Total time: 2 1/2 hours
Servings: 6 to 8
Note: Adapted from Omar Lezcas. This recipe makes twice the mole you'll need; save the extra for tamales or freeze in an airtight freezer-proof bag. For a spicier mole, add several dried arbol chiles.
4 whole turkey legs, thighs separated (or 4 drumsticks and 4 thighs)
1 onion, coarsely chopped
1 whole head of garlic, halved crosswise
Half a small bunch of mint
25 dried negrochiles
17 dried ancho chiles
10 dried guajillochiles
2 large tomatoes (about 1 pound)
3/4 cup oil, divided
1 large plantain, peeled and cut into 1/2 -inch-thick slices
1/2 cup sesame seeds
1/4 cup almonds, whole with the skins on
1/4 cup raisins
2 cups crumbled stale French bread
1/8 teaspoon dried thyme
1/8 teaspoon ground cloves
1/8 teaspoon ground black pepper
1/8 teaspoon dried marjoram
1 tablespoon ground cinnamon
1 (3.15-ounce) tablet Mexican chocolate, more as desired
1. Place the turkey legs and thighs in a large stock pot with the onion, garlic, mint and 2 teaspoons salt. Cover with cold water and bring to a boil. Simmer the ingredients for an hour, until the turkey is tender and the stock is fragrant. Remove the turkey to a large plate and strain the stock, reserving both separately.
2. Meanwhile, clean and devein all the chiles, removing the seeds and stems. In batches, toast the chiles in a large sauté pan or comal (griddle) until aromatic and lightly charred, about 5 minutes. Immerse the chiles in a large bowl of hot water, weighted under a large plate to keep them submerged. Soak 45 minutes to an hour, until softened.
3. Halve the tomatoes crosswise and place them, skin-side-up, on a foil-lined baking pan. Broil 2 to 3 minutes until the skin is blistered. Remove and reserve.
4. In a large pot or Dutch oven, heat 2 tablespoons of the oil over high heat. Add the plantain slices and fry until golden brown on both sides, about 3 minutes. Remove to a medium bowl and reserve.
5. Add another 2 tablespoons of the oil to the same pan and sauté the sesame seeds, almonds, raisins, bread, thyme, cloves, pepper, marjoram and cinnamon, stirring constantly so they do not burn, for about 10 minutes.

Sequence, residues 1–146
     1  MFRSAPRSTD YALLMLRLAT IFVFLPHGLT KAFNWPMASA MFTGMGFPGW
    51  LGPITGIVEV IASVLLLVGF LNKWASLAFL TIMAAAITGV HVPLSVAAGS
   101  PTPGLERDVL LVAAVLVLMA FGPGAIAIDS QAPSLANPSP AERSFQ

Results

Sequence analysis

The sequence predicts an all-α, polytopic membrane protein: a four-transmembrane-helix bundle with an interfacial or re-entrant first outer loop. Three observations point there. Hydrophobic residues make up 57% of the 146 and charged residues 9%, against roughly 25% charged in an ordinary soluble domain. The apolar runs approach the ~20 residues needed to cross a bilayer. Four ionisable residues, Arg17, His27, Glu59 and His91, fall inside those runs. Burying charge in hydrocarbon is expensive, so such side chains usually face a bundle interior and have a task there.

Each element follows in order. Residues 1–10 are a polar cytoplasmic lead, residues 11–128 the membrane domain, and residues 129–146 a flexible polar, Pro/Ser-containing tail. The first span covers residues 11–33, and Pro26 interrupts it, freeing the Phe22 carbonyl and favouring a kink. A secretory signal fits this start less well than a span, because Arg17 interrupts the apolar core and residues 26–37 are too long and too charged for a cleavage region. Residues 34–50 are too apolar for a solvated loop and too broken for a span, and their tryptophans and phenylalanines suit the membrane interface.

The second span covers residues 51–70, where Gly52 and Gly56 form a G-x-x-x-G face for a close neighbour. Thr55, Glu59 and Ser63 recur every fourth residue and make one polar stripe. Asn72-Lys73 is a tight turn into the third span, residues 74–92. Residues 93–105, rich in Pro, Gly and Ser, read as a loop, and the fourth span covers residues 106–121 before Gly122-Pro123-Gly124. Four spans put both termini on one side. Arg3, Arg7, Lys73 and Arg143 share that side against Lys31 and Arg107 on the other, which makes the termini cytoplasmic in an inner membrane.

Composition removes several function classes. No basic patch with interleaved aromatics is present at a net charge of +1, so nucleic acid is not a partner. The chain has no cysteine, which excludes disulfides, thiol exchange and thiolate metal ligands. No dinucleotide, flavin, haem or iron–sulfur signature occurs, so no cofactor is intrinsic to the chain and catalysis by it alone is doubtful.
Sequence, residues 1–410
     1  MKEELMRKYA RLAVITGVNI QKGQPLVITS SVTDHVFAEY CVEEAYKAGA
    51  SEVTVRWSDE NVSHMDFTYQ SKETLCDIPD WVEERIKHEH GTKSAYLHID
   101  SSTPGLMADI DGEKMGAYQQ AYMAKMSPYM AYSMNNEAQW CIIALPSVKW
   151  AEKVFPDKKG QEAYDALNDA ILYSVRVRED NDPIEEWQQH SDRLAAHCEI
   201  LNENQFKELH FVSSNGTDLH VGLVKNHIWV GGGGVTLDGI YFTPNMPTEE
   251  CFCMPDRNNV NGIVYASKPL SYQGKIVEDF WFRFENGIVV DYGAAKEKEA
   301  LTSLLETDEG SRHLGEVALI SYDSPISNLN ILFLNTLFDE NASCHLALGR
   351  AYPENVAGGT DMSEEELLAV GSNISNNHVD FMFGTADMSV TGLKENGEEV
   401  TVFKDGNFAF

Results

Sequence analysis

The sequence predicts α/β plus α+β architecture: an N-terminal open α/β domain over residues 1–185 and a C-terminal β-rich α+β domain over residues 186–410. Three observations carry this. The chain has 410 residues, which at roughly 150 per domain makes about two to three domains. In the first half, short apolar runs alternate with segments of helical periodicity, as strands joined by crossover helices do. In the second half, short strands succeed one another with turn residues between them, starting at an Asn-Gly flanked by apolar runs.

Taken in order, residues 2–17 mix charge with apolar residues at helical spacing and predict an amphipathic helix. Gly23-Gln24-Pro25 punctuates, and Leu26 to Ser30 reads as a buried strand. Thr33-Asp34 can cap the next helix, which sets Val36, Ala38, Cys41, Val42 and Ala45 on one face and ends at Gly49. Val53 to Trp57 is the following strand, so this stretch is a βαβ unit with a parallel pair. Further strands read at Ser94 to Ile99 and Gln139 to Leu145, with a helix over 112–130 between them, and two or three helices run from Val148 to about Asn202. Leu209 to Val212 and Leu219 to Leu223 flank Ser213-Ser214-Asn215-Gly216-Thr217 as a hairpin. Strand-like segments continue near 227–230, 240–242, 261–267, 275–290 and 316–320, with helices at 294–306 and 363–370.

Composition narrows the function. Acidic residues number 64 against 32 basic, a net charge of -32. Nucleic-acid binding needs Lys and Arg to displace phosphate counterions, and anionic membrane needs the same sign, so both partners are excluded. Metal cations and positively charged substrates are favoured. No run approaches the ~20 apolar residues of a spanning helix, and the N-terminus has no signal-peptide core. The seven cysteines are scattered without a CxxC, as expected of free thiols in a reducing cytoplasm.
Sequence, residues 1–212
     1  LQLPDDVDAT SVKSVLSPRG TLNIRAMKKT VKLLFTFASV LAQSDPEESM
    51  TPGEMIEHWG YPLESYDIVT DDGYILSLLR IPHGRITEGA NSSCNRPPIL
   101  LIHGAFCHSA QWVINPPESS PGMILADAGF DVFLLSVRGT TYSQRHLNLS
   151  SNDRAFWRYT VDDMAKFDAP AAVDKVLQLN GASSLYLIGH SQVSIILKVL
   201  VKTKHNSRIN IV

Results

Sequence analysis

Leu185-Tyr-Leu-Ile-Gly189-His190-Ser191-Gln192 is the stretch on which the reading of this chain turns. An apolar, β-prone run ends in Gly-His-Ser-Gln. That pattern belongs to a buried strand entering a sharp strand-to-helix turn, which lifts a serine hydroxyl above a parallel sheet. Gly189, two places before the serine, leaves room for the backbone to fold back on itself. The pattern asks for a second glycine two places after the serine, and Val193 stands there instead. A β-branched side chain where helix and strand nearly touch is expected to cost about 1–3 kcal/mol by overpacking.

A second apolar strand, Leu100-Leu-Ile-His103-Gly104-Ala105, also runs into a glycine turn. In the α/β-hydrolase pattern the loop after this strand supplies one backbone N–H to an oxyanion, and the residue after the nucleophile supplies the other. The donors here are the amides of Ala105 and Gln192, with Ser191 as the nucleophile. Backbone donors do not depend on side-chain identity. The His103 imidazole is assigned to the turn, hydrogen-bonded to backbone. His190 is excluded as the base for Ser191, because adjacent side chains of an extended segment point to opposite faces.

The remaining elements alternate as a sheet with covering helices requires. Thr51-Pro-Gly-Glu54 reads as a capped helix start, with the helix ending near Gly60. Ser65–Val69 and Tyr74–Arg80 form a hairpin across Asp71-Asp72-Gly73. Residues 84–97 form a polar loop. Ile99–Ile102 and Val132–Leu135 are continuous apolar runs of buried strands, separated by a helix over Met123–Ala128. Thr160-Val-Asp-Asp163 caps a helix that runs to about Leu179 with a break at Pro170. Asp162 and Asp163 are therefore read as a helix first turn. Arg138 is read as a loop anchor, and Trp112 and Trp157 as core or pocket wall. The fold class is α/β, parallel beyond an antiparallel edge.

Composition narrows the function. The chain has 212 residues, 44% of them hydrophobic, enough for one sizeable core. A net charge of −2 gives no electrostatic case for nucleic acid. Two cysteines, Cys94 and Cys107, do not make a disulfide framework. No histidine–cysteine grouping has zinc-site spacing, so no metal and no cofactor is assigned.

6. Working in batches in a blender or food processor, blend the almond-raisin-spice mixture with the chiles, tomatoes and plantains, adding the reserved turkey stock as needed to the mixture until you have a fairly smooth paste. Reserve in a separate bowl.
7. Heat one-half cup of the oil in the large pot, then add the blended mixture. Cook the mole base over high heat for 30 minutes to meld and concentrate the flavors, scraping the bottom of the pan and stirring constantly to avoid burning (be careful, as the hot mixture splatters a bit as it cooks). Stir in the chocolate and continue cooking until it's melted. Remove from the heat; you will have about 6 cups mole base. Remove half the mole base from the pot and cool; seal tightly and refrigerate or freeze for another use.
8. Return the pot to high heat and whisk in enough reserved turkey stock to make a sauce the thickness of heavy cream. Season the sauce, stirring constantly as it cooks, with additional salt or chocolate, to sweeten.
9. Add the turkey pieces to the mole, spooning the sauce evenly over the meat (alternately, you can remove the meat and shred it before adding to the mole). Bring the sauce to a simmer and continue to cook to reheat the meat. Stir frequently, scraping the bottom to make sure it does not burn. Remove from the heat and serve immediately.
Each of 8 servings: 473 calories; 39 grams protein; 31 grams carbohydrates; 9 grams fiber; 23 grams fat; 3 grams saturated fat; 133 mg. cholesterol; 442 mg. sodium.Copyright © 2015, Los Angeles Times